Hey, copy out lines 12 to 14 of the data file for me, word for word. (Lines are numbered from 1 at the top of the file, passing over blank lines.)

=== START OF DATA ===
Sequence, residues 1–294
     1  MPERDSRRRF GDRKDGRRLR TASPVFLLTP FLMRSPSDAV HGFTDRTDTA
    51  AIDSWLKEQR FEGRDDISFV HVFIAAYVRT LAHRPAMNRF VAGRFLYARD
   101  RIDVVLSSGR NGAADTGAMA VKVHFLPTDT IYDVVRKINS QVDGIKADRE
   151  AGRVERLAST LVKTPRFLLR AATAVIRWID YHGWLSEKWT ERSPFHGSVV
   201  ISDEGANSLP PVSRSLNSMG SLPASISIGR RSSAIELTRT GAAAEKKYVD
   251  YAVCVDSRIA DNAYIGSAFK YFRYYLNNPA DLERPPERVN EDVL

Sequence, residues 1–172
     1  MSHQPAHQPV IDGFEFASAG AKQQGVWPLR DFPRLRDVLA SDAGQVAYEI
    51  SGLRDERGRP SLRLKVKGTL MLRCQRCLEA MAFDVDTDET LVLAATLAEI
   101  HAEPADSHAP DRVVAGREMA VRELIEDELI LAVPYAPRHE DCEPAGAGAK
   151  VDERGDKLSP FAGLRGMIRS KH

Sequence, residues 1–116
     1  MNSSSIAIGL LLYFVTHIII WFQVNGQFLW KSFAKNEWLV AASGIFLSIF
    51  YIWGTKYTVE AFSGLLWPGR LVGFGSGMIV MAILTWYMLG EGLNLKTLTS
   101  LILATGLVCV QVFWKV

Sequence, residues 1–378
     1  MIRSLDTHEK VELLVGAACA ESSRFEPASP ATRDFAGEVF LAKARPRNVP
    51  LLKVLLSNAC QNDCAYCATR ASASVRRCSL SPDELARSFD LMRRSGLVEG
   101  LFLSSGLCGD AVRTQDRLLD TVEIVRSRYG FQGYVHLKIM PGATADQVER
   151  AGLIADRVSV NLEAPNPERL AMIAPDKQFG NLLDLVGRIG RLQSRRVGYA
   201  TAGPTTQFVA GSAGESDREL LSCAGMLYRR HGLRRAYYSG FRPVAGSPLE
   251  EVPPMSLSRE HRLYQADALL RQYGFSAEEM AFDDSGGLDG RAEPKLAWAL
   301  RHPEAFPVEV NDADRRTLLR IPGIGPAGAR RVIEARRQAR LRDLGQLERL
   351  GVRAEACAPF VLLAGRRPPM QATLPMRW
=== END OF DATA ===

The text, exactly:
   151  VDERGDKLSP FAGLRGMIRS KH

Sequence, residues 1–116
     1  MNSSSIAIGL LLYFVTHIII WFQVNGQFLW KSFAKNEWLV AASGIFLSIF